This article was translated by Amairani Márquez
World Wetlands Day is celebrated every February 2nd to commemorate the Ramsar Convention adoption in 1971, which designates wetlands of great value for their biodiversity and includes them in the List of Wetlands of International Importance.
Mexico currently has 144 sites designated as Wetlands of International Importance (also known as Ramsar Sites), and some of them are in Baja California:
- Coastal Corridor La Asamblea-San Francisquito.
- Isla Rasa.
- Punta Banda Estuary.
- San Quintin Bay.
- Hanson Lagoon.
- Humedales Delta del Río Colorado.
What are wetlands?
Wetlands are water bodies and transition areas between terrestrial and aquatic ecosystems where the water is the main factor that controls the environment. They can be separated into two categories: coastal and inland.
Coastal wetlands, such as salt marshes, mangroves, seagrass beds and coral reefs:
- Act like shock absorbers.
- Reduce the intensity of waves, storm surges and tsunamis.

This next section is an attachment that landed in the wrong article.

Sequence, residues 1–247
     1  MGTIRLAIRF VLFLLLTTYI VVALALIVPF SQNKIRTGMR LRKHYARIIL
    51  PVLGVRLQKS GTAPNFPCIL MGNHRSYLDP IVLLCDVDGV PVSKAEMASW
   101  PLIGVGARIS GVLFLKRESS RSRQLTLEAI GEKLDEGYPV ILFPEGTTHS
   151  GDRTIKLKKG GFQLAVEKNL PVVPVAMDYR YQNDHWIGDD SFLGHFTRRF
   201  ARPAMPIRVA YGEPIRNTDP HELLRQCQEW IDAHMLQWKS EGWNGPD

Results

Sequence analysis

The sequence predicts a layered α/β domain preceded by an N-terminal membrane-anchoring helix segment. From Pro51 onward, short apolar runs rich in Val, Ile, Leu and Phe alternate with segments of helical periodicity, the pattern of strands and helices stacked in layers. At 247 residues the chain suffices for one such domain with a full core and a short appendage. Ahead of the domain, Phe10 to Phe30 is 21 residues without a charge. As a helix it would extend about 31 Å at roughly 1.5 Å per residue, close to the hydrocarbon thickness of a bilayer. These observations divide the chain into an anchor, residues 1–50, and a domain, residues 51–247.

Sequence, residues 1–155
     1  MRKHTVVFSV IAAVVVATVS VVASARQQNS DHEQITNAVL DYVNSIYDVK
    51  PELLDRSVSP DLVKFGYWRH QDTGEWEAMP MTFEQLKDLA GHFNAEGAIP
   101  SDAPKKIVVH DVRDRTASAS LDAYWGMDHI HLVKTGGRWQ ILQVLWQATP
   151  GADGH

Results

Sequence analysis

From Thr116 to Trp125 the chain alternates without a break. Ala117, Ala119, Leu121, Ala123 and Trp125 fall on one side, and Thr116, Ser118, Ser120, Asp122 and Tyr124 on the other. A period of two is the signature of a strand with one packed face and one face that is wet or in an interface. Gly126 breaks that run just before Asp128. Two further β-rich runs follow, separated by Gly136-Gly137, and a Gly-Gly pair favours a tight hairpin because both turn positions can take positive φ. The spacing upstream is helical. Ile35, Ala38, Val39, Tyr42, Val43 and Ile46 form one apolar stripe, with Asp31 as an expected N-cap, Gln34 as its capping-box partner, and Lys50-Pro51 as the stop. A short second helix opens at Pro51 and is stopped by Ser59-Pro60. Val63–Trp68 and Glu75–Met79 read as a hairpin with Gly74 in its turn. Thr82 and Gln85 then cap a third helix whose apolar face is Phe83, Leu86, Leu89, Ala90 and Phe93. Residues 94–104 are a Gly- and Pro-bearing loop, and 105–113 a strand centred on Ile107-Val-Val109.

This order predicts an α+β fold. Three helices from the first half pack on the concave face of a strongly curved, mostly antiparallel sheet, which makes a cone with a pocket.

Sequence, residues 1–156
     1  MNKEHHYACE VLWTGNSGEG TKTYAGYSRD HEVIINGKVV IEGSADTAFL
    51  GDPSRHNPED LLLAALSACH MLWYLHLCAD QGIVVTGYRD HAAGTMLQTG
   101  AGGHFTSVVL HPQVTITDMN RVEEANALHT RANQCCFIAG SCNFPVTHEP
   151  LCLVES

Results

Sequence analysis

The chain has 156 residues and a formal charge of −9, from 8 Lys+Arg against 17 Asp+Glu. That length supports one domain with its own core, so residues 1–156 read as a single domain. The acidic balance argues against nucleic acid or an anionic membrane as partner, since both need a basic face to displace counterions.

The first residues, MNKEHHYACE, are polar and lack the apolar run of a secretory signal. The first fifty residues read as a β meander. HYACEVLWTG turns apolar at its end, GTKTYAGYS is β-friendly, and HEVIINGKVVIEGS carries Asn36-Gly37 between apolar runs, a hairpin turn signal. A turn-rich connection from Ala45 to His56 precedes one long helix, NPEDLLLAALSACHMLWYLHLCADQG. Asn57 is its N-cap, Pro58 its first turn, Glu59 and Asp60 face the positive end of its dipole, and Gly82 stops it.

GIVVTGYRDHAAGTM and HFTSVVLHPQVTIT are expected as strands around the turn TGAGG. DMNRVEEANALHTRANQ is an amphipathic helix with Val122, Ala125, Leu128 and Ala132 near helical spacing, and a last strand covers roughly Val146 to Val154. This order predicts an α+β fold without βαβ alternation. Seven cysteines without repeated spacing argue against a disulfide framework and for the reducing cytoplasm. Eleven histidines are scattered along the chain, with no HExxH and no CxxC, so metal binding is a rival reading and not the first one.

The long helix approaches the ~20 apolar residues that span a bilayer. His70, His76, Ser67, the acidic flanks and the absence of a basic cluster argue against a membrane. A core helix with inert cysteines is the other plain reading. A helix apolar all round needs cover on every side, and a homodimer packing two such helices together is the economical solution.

- Protect the 60% of the humanity, that lives and works along the coasts, from floods, property damages and loss of human lives.
Inland wetlands such as flood plains, rivers, lakes and swamps:
- Function like sponges.
- Absorb and store excess rainfall, reducing floods.
- Store and release water, delaying the appearance of droughts.
Why are wetlands important?
- Function like carbon sinks.
- Nesting, feeding and reproduction of species sites, such as migratory birds.
- Serve to deal with natural disasters.
- Protect the coastal region.
- Important sites for bird migration.
- Great biodiversity places.
- Recreation and ecotourism activities spaces.
- Help to prevent erosion and flooding.
- Have an important role in different activities, such as oyster farming and fishing.